Issue #36 - May 2, 2012
News and Latest Developments
Back in issue 25 (Feb 15), I ran a whole section on the 'Webkit prefix drama.' Now, .net magazine notes Opera "will imminently implement WebKit prefixes" on CSS due to the "large number of [mobile] websites designed exclusively for WebKit".
Appliness is an iPad and Android based magazine for front-end Web developers. Issue 2 is now out and includes articles about CSS Regions, drag and drop with jQuery UI, App-UI, and HTML5 multimedia components.
David Kaneda shares his (rather extensive) thoughts on the Opera news (above).
Raymond Camden shows how to use the HTML5 FileSystem API with an example that downloads a ZIP file, unzips it and caches the asset contents locally for quick access.
Andi Smith recently attended 'State of the Browser 2012', a one day event in London. Here, he shares some of what went on and the main topics of the day. There's an interesting diagram that shows how confusing the definition of 'HTML5' can be.
The first of a pair of posts digging into techniques for optimizing a game loop using the browser profiling tools in Firefox, Chrome and IE.
An interesting writeup and demo of using CSS to build a 'spinner' in the style of a pie chart.
Johnny Simpson has dug into the CSS3 'units' specifications and shows off some of the more unusual ones here, along with which browsers support them.
Web standards guru Lea Verou demonstrates how to implement 'scrolling shadows' in pure CSS using the little known 'background-attachment' CSS property.
Paul Irish (Modernizr, HTML5 Boilerplate) recently gave a talk, shared here, about improving productivity and reducing stress by having a good front-end toolchain for Web development tasks.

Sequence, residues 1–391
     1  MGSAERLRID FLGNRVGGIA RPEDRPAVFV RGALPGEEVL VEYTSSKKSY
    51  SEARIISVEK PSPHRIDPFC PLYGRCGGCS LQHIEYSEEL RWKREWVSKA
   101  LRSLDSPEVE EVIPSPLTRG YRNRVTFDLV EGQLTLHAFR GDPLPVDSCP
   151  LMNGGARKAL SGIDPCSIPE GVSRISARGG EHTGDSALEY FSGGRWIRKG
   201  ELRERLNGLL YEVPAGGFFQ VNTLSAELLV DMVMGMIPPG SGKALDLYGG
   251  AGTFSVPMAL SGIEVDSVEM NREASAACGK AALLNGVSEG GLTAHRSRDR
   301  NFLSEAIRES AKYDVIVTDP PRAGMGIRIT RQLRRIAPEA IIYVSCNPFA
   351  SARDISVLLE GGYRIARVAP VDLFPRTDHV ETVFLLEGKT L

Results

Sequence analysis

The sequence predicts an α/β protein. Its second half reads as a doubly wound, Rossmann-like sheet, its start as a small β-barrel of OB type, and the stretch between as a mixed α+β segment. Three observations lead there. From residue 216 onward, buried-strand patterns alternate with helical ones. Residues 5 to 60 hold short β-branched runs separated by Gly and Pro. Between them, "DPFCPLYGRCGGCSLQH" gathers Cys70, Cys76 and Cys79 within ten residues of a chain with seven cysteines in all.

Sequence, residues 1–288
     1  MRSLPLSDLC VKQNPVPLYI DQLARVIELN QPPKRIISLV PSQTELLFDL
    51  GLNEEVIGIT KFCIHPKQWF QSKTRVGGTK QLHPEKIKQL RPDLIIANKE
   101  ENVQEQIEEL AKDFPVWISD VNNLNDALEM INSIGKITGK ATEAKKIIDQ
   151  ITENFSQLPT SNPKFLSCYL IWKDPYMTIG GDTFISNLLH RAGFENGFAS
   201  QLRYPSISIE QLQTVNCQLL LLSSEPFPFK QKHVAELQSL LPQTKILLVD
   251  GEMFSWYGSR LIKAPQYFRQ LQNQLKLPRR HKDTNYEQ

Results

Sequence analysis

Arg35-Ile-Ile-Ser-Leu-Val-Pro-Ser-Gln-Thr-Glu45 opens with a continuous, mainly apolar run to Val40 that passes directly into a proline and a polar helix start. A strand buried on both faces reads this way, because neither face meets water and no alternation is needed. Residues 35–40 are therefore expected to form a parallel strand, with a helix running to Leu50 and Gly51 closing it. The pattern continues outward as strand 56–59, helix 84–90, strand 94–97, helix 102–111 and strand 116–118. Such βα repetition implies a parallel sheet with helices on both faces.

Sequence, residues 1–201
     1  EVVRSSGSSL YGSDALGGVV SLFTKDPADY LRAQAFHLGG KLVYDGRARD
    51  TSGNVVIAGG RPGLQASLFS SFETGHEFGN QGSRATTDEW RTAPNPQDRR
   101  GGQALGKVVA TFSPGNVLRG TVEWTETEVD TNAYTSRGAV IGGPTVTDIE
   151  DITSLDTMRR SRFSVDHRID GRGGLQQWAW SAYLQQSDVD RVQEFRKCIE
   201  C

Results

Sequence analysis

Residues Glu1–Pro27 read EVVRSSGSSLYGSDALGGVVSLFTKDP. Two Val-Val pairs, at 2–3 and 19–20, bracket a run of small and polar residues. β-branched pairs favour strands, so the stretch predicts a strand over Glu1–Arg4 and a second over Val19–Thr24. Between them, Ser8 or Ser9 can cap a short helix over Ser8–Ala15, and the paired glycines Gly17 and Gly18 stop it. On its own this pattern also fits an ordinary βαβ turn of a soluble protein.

WebGL Camp Orlando was a WebGL-oriented event that took place in March and all 8 sessions can now be watched on YouTube. Topics include "The State of WebGL" through to "WebGL for Baby Brains: Neuroimaging in the Browser"!
AudioSpank is an audio only massively multiplayer online first person shooter. Using only sound effects, you will have to find the other players. It works in Firefox and Chrome only.
A demo of an HTML5-powered 'read along' mechanism with a Biblical text and an audio readthrough.
A multiplayer Gran Turismo-style (a bit of a stretch, but c'mon..!) game entirely in the browser. The multiplayer part didn't work for me but the graphics were impressive on their own to me.
Last but not least..
A forthcoming 3 day online conference focused on CSS3, Sass and related technologies. It costs money, but it's essentially a full on 3 day masterclass in all things CSS with some great speakers.